“Cloud Tectonics” represents the start of Teatro Dallas’ new international direction as it heads towards its 40th anniversary

An inside look at Teatro Dallas’ production of “Cloud Tectonics” running through June 1 at the Latino Cultural Center.

Teatro Dallas "Cloud Tectonics" cast
The cast of Teatro Dallas’ production of “Cloud Tectonics” – Courtesy of Teatro Dallas/Mac Welch

For Teatro Dallas, its ongoing production of “Cloud Tectonics” not only represents a continuation of the company’s nearly four decades spotlighting Hispanic and Latin American theater but also its long-standing commitment to bringing exceptional international works to DFW audiences.

Founded in 1985 by Cora Cardona and her late husband Jeff Hurst, Teatro Dallas began after Cardona saw the lack of Latin American productions in the area. She described how Teatro Dallas’ productions “became very popular and liked because they were also plays that were not the stereotype that most people conceived of Mexicans and Latin Americans.”

Cardona recalled how she brought the Mexican theatrical tradition of the Days of the Dead and Teatro Dallas’ annual International Theater Festival to Dallas. The latter has now surpassed 20 years of its own in Dallas and become a focal point for the theater as it moves into its fourth decade.

According to Teatro Dallas Resident Producer and Marketing Coordinator Mac Welch, “Cloud Tectonics” is “the first show of the new wave, the new direction” for the theater as it places an even greater emphasis on international works.

Welch said Teatro Dallas has realized that while remaining “a pillar of Latinx theater in the community is always going to be important,” the organization also provides Dallas with a consistent outlet for international theater. “We wanted to lean into that and make sure that was not only something that we do but really the center of our organization,” Welch said, emphasizing that Teatro Dallas will always stay true to its Latin roots.

Welch said Teatro Dallas plans to start going to artists important to the local community to ask them what they would want to direct “under this umbrella of international theater.” That was the case when Welch contacted director and actor Sasha Maya Ada about directing a show for Teatro Dallas.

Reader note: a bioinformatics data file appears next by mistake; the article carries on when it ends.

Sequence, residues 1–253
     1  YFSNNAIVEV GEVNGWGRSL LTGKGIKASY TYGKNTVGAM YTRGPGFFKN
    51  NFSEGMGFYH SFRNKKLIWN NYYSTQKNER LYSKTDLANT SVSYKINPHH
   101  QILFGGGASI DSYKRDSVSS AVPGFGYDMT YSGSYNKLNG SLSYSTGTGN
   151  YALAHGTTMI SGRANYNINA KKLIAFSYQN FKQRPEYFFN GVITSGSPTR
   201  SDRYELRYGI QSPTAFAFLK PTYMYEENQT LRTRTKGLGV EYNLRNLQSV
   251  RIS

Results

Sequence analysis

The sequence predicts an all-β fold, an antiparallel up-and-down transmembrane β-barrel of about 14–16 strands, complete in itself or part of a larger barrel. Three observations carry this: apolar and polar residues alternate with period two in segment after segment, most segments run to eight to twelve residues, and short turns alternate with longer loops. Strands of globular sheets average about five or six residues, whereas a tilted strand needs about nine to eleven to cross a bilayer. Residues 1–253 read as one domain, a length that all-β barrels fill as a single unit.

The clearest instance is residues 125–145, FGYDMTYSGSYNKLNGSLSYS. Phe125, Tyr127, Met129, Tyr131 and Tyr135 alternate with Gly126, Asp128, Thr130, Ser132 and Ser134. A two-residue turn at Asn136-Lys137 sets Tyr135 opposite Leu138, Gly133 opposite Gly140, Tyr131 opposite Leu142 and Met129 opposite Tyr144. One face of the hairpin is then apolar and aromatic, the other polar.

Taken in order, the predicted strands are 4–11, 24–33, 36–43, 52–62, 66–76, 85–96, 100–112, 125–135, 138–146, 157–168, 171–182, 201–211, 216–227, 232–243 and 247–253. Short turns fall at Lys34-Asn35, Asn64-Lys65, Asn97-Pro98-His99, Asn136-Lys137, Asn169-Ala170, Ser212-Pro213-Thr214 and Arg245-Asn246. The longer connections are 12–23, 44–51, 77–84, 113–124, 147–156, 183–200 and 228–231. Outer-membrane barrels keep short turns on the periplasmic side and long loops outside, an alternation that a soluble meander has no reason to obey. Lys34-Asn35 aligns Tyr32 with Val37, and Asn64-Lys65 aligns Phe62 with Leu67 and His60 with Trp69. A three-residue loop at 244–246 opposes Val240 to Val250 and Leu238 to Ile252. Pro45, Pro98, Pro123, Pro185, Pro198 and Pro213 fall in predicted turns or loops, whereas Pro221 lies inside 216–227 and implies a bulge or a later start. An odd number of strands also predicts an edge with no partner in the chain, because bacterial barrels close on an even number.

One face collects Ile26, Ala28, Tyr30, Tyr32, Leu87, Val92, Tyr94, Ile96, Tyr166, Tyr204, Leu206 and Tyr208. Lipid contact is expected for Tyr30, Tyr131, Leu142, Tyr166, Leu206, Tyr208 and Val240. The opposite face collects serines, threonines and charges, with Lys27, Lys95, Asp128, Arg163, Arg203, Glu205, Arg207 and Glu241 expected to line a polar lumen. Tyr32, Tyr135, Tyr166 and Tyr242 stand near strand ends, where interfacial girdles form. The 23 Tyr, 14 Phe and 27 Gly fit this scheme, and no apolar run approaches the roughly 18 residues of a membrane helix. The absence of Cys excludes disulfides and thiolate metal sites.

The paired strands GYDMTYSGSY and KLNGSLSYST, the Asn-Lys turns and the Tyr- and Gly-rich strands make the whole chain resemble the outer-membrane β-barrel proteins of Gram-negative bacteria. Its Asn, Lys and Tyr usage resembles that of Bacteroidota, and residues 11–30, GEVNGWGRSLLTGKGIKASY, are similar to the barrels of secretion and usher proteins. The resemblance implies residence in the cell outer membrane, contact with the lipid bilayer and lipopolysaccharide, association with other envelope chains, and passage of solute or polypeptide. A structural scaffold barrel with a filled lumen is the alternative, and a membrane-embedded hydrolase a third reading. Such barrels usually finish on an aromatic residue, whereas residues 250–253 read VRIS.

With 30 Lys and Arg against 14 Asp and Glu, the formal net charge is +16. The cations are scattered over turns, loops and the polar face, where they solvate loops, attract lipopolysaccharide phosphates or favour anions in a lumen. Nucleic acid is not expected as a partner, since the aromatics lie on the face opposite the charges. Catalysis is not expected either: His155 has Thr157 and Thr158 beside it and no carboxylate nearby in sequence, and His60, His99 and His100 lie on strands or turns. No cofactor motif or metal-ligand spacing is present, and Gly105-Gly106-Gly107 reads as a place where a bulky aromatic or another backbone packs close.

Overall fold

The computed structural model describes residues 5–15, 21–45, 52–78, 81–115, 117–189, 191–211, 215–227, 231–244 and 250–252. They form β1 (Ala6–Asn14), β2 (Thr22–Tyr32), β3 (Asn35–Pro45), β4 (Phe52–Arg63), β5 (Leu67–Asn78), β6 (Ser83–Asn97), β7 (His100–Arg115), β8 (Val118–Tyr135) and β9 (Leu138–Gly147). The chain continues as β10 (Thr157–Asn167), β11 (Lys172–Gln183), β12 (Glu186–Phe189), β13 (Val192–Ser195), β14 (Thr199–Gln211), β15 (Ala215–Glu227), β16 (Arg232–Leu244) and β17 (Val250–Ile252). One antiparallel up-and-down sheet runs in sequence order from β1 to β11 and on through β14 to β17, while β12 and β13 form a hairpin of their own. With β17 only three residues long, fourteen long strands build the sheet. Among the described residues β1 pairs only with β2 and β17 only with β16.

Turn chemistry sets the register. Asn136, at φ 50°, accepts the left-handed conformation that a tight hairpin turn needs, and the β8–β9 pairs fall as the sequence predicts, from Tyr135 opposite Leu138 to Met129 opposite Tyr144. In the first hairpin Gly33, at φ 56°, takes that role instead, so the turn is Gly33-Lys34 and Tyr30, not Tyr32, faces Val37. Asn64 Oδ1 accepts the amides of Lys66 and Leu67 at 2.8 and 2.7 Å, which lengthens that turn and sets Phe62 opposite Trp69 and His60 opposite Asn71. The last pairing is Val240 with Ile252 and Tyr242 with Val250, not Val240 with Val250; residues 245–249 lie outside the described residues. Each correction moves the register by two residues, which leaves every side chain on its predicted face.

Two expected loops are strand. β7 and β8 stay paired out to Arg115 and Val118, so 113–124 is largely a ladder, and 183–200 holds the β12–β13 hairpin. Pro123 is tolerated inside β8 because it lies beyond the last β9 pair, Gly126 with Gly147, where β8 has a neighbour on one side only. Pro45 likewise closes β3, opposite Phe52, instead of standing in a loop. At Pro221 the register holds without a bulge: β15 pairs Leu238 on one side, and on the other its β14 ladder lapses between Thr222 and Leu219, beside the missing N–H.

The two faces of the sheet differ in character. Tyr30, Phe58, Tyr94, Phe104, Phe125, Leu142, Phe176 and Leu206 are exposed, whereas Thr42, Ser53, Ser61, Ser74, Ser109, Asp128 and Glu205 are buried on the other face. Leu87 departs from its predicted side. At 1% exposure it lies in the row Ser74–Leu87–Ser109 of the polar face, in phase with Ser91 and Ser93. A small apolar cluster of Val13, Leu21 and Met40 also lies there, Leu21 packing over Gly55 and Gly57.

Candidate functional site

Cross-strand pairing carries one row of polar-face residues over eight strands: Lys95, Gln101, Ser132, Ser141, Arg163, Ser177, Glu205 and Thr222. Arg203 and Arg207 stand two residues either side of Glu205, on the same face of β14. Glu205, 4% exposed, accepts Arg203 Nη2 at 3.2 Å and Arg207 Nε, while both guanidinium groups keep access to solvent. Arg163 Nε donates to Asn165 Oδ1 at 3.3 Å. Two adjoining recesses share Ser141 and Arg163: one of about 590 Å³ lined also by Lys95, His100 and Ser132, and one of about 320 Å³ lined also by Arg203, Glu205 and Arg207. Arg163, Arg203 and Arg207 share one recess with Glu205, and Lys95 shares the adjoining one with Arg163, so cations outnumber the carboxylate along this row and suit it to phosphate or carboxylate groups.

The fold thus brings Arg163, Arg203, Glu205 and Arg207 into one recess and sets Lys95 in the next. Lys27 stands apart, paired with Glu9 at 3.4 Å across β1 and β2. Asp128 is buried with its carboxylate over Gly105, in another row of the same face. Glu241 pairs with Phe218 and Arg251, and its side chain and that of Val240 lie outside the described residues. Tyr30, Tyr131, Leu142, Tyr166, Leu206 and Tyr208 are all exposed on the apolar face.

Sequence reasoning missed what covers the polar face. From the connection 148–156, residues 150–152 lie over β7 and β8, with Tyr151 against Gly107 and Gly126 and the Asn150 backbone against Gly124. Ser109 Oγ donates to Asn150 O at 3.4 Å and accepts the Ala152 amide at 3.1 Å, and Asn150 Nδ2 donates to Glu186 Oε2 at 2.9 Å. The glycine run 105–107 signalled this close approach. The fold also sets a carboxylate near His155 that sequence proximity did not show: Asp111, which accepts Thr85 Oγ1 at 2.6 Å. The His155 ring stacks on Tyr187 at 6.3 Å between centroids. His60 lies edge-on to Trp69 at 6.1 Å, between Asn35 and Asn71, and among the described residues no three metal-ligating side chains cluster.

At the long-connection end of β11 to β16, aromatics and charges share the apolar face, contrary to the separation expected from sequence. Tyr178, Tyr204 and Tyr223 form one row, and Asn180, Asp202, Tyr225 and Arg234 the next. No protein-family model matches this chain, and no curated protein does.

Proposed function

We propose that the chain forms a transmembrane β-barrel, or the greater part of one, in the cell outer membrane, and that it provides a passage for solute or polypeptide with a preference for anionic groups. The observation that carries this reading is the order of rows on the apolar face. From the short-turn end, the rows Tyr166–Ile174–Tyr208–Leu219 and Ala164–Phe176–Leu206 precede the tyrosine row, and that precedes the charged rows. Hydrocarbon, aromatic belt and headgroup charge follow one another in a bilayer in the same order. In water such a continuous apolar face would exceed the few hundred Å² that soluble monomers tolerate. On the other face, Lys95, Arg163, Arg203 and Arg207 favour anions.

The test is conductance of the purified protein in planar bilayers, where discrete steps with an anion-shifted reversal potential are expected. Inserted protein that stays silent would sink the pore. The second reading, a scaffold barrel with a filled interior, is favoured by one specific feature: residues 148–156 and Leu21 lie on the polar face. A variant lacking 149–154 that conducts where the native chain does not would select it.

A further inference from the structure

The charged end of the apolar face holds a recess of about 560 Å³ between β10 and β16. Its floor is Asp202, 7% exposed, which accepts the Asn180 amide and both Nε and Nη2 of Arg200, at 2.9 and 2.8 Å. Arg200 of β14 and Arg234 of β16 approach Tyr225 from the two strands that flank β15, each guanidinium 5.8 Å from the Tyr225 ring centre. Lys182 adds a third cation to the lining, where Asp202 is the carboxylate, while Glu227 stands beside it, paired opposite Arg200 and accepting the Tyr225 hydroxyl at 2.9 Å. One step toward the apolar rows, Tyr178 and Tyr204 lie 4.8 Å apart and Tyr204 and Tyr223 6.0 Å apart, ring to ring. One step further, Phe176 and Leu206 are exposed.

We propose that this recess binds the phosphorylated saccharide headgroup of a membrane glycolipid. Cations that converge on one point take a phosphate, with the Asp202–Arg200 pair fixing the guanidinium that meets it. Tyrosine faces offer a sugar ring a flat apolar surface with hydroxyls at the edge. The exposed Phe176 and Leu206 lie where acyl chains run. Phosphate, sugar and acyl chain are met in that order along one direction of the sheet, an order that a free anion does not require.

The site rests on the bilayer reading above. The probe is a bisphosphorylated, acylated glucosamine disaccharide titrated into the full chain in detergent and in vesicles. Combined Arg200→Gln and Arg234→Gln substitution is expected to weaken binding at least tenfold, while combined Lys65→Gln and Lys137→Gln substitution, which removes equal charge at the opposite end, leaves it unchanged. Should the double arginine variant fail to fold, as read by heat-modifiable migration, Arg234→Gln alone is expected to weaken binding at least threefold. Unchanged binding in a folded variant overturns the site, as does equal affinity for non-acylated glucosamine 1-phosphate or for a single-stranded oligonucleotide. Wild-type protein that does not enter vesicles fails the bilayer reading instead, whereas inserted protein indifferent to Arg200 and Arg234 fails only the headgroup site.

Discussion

Ada chose “Cloud Tectonics” by Academy Award-nominated Puerto Rican Playwright and Screenwriter José Rivera. The show follows the magical connection between a pregnant hitchhiker named Celestina who’s picked up in the middle of an immense storm by Aníbal, a motorcyclist working at LAX. Aníbal brings Celestina back to his home, where they eventually encounter his brother, Nelson, who returns unexpectedly from war. What sparks from the encounter between Celestina and Aníbal promises to change the lives of each of them.

Ada’s decision to choose “Cloud Tectonics” came from exploring and embracing her own roots. “My dad is from Nicaragua. I don’t have a relationship with my father. I don’t speak Spanish, but my mother has done her darndest trying to make sure that she keeps that in my mind, and that’s a part of who I am,” Ada said. She explained that when she first learned about the term Afro-Latina in 2020, she felt it made sense to her. “As you direct, as you invest in your own artistry, it’s often a mirror to your own self (and) to where your own areas of growth are,” Ada said. “So, I don’t think it is wild that this story has come in at this specific part of my life.”

Ada enjoyed exploring the show’s influences in her preparation for the production. She talked with people who have Puerto Rican roots and got a better understanding “of the impact of what we know as magical realism, but that’s sort of evolved into mad realism.”

When it came time for casting, Ada and Welch wanted actors who could authentically handle the script’s language. “There’s a lot of poetic language, and it’s so easy when you have a term like magical realism that’s been blanketed over works like this that it becomes a metaphor for something, but these words are their truth,” Ada said.

“We found a really lovely cast of people that were able to access the language in a way that felt extremely personable and relatable…rather than treating it like this huge magical thing,” Welch said, adding that they wanted actors who instead treated the show and its dialogue “like it’s happening in front of them.”

Overall, Welch called “Cloud Tectonics” a “fulfilling watch” that provides audiences with “a safe night of introspection.” Likewise, Ada has left her time with “Cloud Tectonics” with the reminder that we should “hold onto and cherish” the “specificity of love (and) the expansiveness of love” experienced within the show’s story. “Even if (that love) comes in the blink of an eye, it still has worth…and it can stay with you, and it can impact you,” Ada said.

The Teatro Dallas production of “Cloud Tectonics” runs through June 1 at the Latino Cultural Center. For more information, including how to purchase tickets, visit https://teatrodallas.org/.

These interviews have been edited for clarity.


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